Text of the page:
17 August 2014 On a visit to Iran, the United Nations humanitarian chief today stressed the importance of regional cooperation in dealing with the myriad of “unprecedented” and “unravelling” crises in the Middle East.
Speaking to the press in Tehran, Valerie Amos, Under-Secretary-General for Humanitarian Affairs, said Iran had “a very important role to play in helping us gain better access for humanitarian organizations in Syria and elsewhere.”
“I have had an important opportunity to discuss with Government partners ways in which we can strengthen our partnership to improve regional cooperation on humanitarian assistance and also to discuss the major humanitarian crises in the region.”
Ms. Amos said she had already met with the President of Iran's National Disaster Management Organization to discuss ways to collaborate on information management, enhancing operational effectiveness, knowledge sharing and capacity building.
She had also met with Iran's Minister of Foreign Affairs, Mohammad Javad Zarif to talk about the humanitarian situations in Syria, Iraq and Gaza.
In Syria, almost 11 million people are in need, up from 1 million just three years ago, Ms. Amos said calling it an “unprecedented” crisis. Out of those, 4.7 million people live in areas that are hard to reach while 241,000 live in besieged communities.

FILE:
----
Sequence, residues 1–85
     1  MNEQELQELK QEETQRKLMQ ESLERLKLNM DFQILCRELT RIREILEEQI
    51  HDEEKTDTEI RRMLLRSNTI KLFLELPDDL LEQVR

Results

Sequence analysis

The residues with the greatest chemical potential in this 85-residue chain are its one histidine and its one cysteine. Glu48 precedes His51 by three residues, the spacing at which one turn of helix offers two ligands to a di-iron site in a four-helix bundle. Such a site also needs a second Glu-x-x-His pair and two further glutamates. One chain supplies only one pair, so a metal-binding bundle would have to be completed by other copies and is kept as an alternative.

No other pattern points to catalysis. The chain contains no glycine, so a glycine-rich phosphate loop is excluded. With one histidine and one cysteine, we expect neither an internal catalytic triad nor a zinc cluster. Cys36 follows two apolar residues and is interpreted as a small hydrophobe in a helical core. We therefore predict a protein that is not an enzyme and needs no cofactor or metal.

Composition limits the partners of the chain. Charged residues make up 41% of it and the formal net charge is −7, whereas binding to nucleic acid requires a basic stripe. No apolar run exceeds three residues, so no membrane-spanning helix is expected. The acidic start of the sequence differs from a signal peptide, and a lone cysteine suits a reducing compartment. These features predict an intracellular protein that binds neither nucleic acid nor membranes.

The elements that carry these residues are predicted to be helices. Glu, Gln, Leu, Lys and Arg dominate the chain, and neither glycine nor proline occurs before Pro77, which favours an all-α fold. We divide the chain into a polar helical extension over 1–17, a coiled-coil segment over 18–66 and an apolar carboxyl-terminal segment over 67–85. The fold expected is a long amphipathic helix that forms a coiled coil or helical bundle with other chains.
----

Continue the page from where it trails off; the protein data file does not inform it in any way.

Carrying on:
In Iraq, people are facing an “unravelling” crisis, which has already caused one of the largest internal population displacements in the world.
“Attacks, systematic persecution and grave human rights abuses against civilians by the so-called Islamic State and other armed groups are outrageous,” she declared.
Meanwhile, in Gaza 1,975 Palestinians, including 1,417 civilians, and 67 Israelis were killed during the conflict. An estimated 10,000 people have been injured, including 3,000 children and 3,000 women. Hospitals, schools and shelters will take months to rebuild.
In all three crises, UN agencies were supporting national, regional and local aid efforts. In Syria, the World Food Programme (WFP) dispatched food for 3.7 million people and World Health Organization (WHO) distributed medicines and supplies for more than half a million people.
Meanwhile, in both Iraq and Gaza, UN response continues, including deliveries of food, water and household goods. Medicines and fuel are being delivered to hospitals.
“But this is not enough,” Ms. Amos said, adding that insecurity and the fragmentation of armed groups continues to hamper relief efforts. For example, in Syria medical supplies are constantly denied in humanitarian convoys. She looked forward to working more closely with Iranian partners to improve the humanitarian response and help gain better access.
“My job and that of our humanitarian partners is to be as effective as possible in our aid delivery and ensure that we can reach more people, more quickly,” she added.
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